In this exclusive MedPage Today video analysis, Megan Kruse, MD, of Cleveland Clinic, analyzes a study reported at the most recent ASCO Quality Care Symposium by Christina Ahn Minami, MD, MS, and colleagues at Brigham and Women’s Hospital in Boston, on oncologists’ views about sentinel lymph node biopsy in certain breast cancer patients.
Following is a transcript of her remarks:
I’m Megan Kruse, breast medical oncologist at Cleveland Clinic. And today I will be talking about an abstract that was presented at the 2021 ASCO Quality Care Symposium by Drs. Miami et al., the group of breast surgeons at Dana Farber.
So this abstract covers oncologists’ perspectives on omission of sentinel lymph node biopsy in women over the age of 70, with early-stage hormone receptor positive breast cancer. And the reason that this topic of interest was brought up by the investigators is because in the Society of Surgical Oncology [recommendations in the] Choosing Wisely campaign, the omission of sentinel lymph node biopsy for this group of patients is actually a recommended clinical management step.
And the reason for this is there is good data from the CALGB 9343 study, which was actually a study looking at the inclusion or omission of radiation for women in this over 70 year old age group, with early-stage low-risk, hormone-positive breast cancer.
And in that study women were actually discouraged from having axillary lymph node surgery, and we know that about 60% of patients did not have axillary nodal assessment. And yet the overall survival outcomes were excellent. There was really no impact on survival whether patients received the axillary node surgery or not, or actually if they receive radiation or not.
So based on this, we had the recommendation that came into the Choosing Wisely campaign. Now, despite that recommendation being out for a while now, we know that about 80% of women who fall into this eligible group of patients actually still have sentinel lymph node evaluation done at the time of their breast cancer surgery. So again, the investigators sought to figure out why we have a good-quality recommendation, and yet it’s not really making its way into clinical practice.
So in this study they sought to get the expert opinions and perspectives for a variety of oncologists who take care of breast cancer patients. This included surgical oncologists, radiation oncologists, and medical oncologists. And the group of oncologists who participated actually had a wide variety of practices. They were in practice for a median of 12 years, but saw anywhere between 10% and 100% breast cancer patients in their clinics. And the group of clinicians that were surveyed also represented a variety of clinical practice settings in terms of academic and community practice.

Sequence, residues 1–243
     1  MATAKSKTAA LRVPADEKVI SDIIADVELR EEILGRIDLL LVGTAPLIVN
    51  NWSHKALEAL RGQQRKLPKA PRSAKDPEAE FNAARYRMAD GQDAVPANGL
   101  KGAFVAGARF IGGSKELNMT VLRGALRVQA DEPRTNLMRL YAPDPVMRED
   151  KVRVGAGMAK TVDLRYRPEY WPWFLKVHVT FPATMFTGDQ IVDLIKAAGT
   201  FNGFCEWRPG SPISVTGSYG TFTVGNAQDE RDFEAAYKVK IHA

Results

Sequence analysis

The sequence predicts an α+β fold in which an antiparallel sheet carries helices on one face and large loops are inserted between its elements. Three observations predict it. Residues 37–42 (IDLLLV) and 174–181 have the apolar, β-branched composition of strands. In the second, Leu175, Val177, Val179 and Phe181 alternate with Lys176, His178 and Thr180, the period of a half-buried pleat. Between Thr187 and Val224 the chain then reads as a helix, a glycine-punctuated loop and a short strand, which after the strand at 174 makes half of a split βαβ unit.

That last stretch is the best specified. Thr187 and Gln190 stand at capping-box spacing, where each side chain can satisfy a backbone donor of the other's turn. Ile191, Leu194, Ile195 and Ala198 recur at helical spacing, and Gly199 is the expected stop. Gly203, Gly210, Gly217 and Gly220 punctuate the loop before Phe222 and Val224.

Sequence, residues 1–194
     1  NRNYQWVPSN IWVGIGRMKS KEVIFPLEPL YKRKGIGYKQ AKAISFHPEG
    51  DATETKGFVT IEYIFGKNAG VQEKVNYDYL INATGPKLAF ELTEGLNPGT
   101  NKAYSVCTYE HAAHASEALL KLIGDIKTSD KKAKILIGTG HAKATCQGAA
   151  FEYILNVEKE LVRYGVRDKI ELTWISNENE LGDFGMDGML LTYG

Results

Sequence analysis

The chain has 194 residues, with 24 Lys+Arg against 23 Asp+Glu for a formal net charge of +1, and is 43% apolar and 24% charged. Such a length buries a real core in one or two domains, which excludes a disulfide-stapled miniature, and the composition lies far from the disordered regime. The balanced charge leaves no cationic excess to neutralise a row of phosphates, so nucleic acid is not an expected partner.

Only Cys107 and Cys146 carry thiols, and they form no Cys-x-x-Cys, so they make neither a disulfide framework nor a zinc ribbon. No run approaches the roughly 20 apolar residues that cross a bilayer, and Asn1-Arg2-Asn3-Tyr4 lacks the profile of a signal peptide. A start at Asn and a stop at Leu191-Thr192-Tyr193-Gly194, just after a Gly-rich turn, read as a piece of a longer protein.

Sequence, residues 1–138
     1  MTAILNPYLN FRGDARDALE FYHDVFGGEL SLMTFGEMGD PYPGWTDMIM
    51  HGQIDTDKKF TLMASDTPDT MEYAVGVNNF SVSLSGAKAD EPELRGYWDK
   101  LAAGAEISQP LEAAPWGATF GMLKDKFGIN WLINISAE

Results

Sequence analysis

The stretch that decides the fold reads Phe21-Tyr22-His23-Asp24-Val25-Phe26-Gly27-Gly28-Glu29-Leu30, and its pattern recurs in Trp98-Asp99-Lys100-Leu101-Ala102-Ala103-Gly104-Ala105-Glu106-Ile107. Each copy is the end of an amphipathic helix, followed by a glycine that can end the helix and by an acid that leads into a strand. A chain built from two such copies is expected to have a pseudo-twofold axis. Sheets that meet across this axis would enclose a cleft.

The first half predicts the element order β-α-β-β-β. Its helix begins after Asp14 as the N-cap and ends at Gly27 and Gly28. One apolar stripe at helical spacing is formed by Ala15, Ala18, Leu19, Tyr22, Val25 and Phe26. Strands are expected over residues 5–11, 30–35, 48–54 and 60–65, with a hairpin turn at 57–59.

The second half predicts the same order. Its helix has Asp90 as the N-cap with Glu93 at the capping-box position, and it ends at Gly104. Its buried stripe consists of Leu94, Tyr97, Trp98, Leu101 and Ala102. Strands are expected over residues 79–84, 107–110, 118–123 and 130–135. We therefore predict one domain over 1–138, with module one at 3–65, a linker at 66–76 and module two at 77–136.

And actually what they found is that the participants were willing and could identify that this was a recommendation, and that they were at least willing to consider it in theory for their patients, but noted that the actual decision and clinical practice is far more complex, and usually has to do with a patient’s fitness for surgery and other medical therapy. And also patients’ perspectives and desires for their surgical management.
And what was interesting among the radiation oncologists and medical oncologists that were surveyed was that they actually found themselves potentially making extra management recommendations based on this omission of sentinel lymph node biopsy if it were to actually occur in clinical practice.
So what did that look like? That actually meant potentially including high tangents in the radiation plan, or avoiding the option of partial breast radiation. And for the medical oncologist, we found that these patients were more likely to potentially get offered some gene expression assays — like OncotypeDX, for example — to assess the biologic risk of their cancer when you didn’t have that anatomic risk that was able to be assessed via sentinel lymph node biopsy.
So I think, what this highlights is that even though a lot of our recommendations can be founded on good data, their application and clinical practice can vary based on the clinical practice setting, the type of patient seen, and the provider’s own comfort level with that recommendation.
And I can tell you from my perspective as a medical oncologist that I would feel similarly about making this decision as an aggregate of different pieces of information, not solely based on the patient’s tumor staging as well as their age, but taking into account their fitness. And actually one of the most important factors being their willingness to adhere to adjuvant endocrine therapy. Because that was assumed in the CALGB study that formed the basis for this recommendation, or at least a large portion of it.
And we know, in clinical practice, that adherence to endocrine therapy can be very challenging, especially among this older age group where patients may prioritize quality of life over length of life or quantity of life. And I think that’s a conversation that many of us have daily in our clinical practices.
So this really opens the door to have more conversation about how the guidelines are adopted, or sort of these best practices that come in the Choosing Wisely campaigns. And if we feel strongly about it as an oncologic community, how do we get that message out further so more patients are treated in the way of this guideline, so that we can then go and further study the outcomes in that population moving forward.
Read the review here.
Read an interview with Christina Minami, MD, about it here.
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